Also, you could imply Bb major scale over Bb, Ab major over Ab and G major on the G.
#19
Quote by UNIe
Ok, NOW I see it
Ok, then forget about everything I said in earlier posts. But that's a confusing way to write chords like that.

So the chords then are: Cm, Bb/F, Ab/Eb, G.

Yeah, C minor all the way and C harmonic minor over G ;]
Also, you could imply Bb major scale over Bb, Ab major over Ab and G major on the G.


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and to misquote gnite

Theory was easy, cause I listen very deep too music. Not trying to sound like some divine god or w/e, but I do have a connection, and I was aware of modal sounds before I even knew their names simply because modal sounds appealed to me aurally for as long as I can remember.

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Last edited by xxdarrenxx at Dec 29, 2008,
#20
TS, if you approach it the way that I have, with all chords major (and a somewhat odd rhythm.. timing is NOT 1 chord each measure the way I'm doing it), I don't know how you would go about playing over something like this. I'm playing it kind of weird, though, and I really don't know that anyone would EVER approach it this way. If it were done the way that I'm approaching it, I really don't know how you'd do it, unless you were playing over each chord, and not just from one scale. You'd get lost otherwise. I'll see about recording the rhythm that I'm playing, though, just to give everyone an idea of why it'd be so difficult the way that I'm playing this (which is completely wrong, I can just say right now).
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#21
Quote by Page&HammettFan
TS, if you approach it the way that I have, with all chords major (and a somewhat odd rhythm.. timing is NOT 1 chord each measure the way I'm doing it), I don't know how you would go about playing over something like this. I'm playing it kind of weird, though, and I really don't know that anyone would EVER approach it this way. If it were done the way that I'm approaching it, I really don't know how you'd do it, unless you were playing over each chord, and not just from one scale. You'd get lost otherwise. I'll see about recording the rhythm that I'm playing, though, just to give everyone an idea of why it'd be so difficult the way that I'm playing this (which is completely wrong, I can just say right now).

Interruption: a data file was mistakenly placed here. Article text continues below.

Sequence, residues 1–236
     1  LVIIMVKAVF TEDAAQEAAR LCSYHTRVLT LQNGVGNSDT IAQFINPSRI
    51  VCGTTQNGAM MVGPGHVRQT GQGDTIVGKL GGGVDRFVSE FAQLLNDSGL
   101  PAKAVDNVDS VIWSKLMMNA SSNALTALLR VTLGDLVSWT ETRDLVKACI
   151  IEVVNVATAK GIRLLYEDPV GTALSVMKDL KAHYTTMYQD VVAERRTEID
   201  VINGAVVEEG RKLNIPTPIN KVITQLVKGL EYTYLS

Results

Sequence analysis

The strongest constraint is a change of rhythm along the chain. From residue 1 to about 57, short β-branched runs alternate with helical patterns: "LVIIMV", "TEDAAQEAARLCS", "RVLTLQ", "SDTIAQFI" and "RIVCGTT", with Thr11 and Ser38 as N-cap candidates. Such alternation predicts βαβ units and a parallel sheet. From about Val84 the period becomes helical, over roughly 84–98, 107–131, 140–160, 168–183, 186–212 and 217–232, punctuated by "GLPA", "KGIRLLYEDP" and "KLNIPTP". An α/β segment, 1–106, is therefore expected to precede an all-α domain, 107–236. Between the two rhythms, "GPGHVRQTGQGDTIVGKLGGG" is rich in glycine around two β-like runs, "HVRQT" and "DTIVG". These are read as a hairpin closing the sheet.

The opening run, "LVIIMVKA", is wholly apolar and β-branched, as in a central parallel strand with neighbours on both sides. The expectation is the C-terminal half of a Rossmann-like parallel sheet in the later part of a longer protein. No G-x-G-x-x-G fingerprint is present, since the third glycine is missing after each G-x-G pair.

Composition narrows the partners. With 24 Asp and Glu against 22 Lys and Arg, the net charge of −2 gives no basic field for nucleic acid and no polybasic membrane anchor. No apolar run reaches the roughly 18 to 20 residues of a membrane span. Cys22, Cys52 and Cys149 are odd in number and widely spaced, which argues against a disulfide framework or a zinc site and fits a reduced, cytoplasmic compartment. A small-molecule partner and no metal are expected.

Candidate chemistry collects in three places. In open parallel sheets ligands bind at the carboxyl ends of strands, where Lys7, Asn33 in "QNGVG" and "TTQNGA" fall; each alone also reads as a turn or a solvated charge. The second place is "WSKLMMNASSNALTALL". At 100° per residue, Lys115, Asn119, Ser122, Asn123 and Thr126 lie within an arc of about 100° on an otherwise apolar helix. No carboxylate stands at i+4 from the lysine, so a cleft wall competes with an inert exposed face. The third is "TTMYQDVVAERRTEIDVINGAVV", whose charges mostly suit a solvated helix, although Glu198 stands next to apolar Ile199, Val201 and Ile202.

I think you have the same problem I had. It's not 12 chords it's just 4 chords. He wrote out the notes of each chord separated by the ','.

The chords are: Cm, Bb, Ab, G.

Anyways I recorded an improvisation over said progression using the Cmin scale and Harmonic minor. (I'm really following the chords, but I use notes of those scales, with also a few blues notes thrown in)

IT's in my Profile


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#22
Inspired by xxdarrenxx's last comment, I also made a recording on this wonderful chord progression (it's also in my profile). For it to be more interesting, I made it in 3/4 meter and in an eastern kinda style. I also changed the bass line here and there so that the progression would get a bit more colors. I hope you get some ideas on improvising from it. Have fun with your playing ;]
#23
I really guessed that it wasn't all majors like I was playing it, but I didn't even want to bother changing everything, because I knew looking at all of the replies that someone had already done all of that and there was absolutely no need for me to do it. I added a few chords on the end of it, too, though, and I think that what I did with it was very interesting. I'll post it later on tonight, but with not solo. I don't wanna attempt to outline those chord changes Leave that to the jazz masters. Something about the way I played it sounds pretty familiar, though.